Many individuals devoted to exercise prefer a particular type of training, whether it’s yoga, weights, cardio, or something else. However, while it’s nice to stick with a routine and follow the training style you know, it can get boring after a while. So, if you find yourself stuck in a training rut, you might debate the merits of mixing it up.
- It is possible to incorporate yoga and weight training into the same training routine.
- Both yoga and weight training bring a range of benefits, including stress relief, increased range of motion, improved muscle mass, and improved bone health.
- Combining yoga and weight training provides the best of both worlds, better flexibility, improved endurance, honed strength, and more muscle growth.
Changing the entire routine might not seem appealing, so you decide to incorporate another type of training. How about yoga and weight training? Do they work? Or should you avoid pairing these two together in the same training schedule? Let’s find out.
Is It OK To Do Yoga And Weight Training?
Incorporating yoga and weight training into your exercise routine is more than doable. It can be incredibly beneficial, as combining the two can accelerate your progress, sending you well on your way to achieving your fitness goals. While your body might need time to adjust to both types of training, doing both regularly is entirely doable.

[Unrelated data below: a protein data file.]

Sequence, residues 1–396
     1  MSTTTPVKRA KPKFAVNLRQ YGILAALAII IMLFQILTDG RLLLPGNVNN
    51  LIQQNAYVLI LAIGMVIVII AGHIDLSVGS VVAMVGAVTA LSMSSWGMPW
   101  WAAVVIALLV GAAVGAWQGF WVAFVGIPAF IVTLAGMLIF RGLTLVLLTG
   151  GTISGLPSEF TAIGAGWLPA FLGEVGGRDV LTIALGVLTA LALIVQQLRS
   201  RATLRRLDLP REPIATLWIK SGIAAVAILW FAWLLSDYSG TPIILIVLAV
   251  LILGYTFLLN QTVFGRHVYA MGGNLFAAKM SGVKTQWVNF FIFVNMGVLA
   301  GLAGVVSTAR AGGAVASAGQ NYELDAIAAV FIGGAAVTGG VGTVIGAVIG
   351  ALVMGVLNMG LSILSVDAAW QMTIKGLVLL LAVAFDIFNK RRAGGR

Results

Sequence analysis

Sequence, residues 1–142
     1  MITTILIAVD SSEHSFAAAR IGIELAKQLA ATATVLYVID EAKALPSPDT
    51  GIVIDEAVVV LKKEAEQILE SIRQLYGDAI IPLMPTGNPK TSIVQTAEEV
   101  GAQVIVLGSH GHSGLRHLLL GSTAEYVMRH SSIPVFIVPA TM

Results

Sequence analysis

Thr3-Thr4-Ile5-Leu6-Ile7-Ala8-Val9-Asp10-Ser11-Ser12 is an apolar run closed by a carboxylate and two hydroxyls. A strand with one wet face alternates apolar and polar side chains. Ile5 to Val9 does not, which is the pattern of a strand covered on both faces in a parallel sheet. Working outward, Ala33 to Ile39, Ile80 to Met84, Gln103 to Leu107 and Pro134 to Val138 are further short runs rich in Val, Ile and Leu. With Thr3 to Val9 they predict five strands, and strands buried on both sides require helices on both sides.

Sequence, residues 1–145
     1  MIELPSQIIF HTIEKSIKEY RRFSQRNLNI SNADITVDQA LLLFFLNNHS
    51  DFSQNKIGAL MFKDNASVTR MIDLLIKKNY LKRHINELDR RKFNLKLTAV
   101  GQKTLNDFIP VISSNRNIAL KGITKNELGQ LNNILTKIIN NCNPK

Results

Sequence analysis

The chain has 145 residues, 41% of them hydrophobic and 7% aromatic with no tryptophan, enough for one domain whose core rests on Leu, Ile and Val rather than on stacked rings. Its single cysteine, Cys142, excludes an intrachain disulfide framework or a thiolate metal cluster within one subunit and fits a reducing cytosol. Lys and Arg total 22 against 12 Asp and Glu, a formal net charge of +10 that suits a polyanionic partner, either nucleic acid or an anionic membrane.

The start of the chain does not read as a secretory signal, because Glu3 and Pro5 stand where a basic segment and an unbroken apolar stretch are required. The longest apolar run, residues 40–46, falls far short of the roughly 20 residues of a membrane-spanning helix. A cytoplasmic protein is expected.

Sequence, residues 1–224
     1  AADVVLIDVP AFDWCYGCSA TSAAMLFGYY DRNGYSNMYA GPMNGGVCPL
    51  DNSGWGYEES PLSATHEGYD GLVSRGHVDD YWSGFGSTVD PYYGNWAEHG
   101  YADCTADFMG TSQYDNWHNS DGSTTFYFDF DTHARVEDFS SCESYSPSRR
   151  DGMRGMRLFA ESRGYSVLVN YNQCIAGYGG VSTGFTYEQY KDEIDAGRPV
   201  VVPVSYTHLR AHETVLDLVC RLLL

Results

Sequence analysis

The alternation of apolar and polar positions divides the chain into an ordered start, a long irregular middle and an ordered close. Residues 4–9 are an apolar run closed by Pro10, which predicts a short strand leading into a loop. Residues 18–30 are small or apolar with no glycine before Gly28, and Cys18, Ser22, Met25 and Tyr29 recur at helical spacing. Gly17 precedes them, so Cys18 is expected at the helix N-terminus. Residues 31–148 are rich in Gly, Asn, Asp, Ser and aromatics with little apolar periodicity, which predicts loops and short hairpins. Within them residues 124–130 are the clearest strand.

You can do both on the same day or devote a few days to each type. The charts below offer a few example workout schedules of this particular combination. It’s important to note that these are simply examples and may not be suitable for every individual:
Benefits Of Combining Yoga And Weight Training
Yoga and weight training bring something different to the table, offering unique benefits. So, when you combine the two in your workout routine, you reap the benefits of both practices. These training types fit together perfectly; creating a neatly arranged puzzle will help you achieve your fitness goals.
Yoga offers an extensive range of benefits, including:
- Stress relief
- Improved emotional health
- Reduced anxiety
- Increased range of motion
- Better balance
- Improved flexibility
- Relieves aches and pains due to tight muscles
- Improves posture and bone health
Conversely, weight training offers its own perks, including:
- Enhances muscle mass
- Maintains muscle mass and helps combat muscle loss due to aging
- Improves bone density
- Increases metabolism
- Aids in achieving weight loss goals
- Can enhance your overall quality of life
The two training approaches complement each other beautifully, working different parts of your body to target specific goals. For example, strength training prioritizes muscle growth and sculpting stronger muscles. Conversely, yoga soothes the aches and pains of tight muscles while simultaneously improving your flexibility and range of motion.
A Seamless Flow Of Perks
The benefits of yoga and weight training intertwine in a seamless mesh of improvements, allowing you to take your training to another level. Here are a few perks of combining the two in your regular workout routine:
Flexibility + Strength
As mentioned, each type of training brings something different to the table. Yoga offers flexibility and endurance, while weight training offers strength and muscle growth. Combining the two gives you the best of both worlds – better flexibility, improved endurance, honed strength, and more muscle growth!
Better Chance Of Avoiding Injuries